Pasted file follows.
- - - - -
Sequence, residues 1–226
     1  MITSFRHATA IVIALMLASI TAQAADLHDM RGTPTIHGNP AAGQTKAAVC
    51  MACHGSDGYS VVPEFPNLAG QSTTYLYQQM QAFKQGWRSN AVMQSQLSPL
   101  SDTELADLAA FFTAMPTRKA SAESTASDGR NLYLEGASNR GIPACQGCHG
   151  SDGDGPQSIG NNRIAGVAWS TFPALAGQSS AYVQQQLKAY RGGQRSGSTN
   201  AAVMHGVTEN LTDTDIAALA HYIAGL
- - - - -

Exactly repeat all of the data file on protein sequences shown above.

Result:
Sequence, residues 1–226
     1  MITSFRHATA IVIALMLASI TAQAADLHDM RGTPTIHGNP AAGQTKAAVC
    51  MACHGSDGYS VVPEFPNLAG QSTTYLYQQM QAFKQGWRSN AVMQSQLSPL
   101  SDTELADLAA FFTAMPTRKA SAESTASDGR NLYLEGASNR GIPACQGCHG
   151  SDGDGPQSIG NNRIAGVAWS TFPALAGQSS AYVQQQLKAY RGGQRSGSTN
   201  AAVMHGVTEN LTDTDIAALA HYIAGL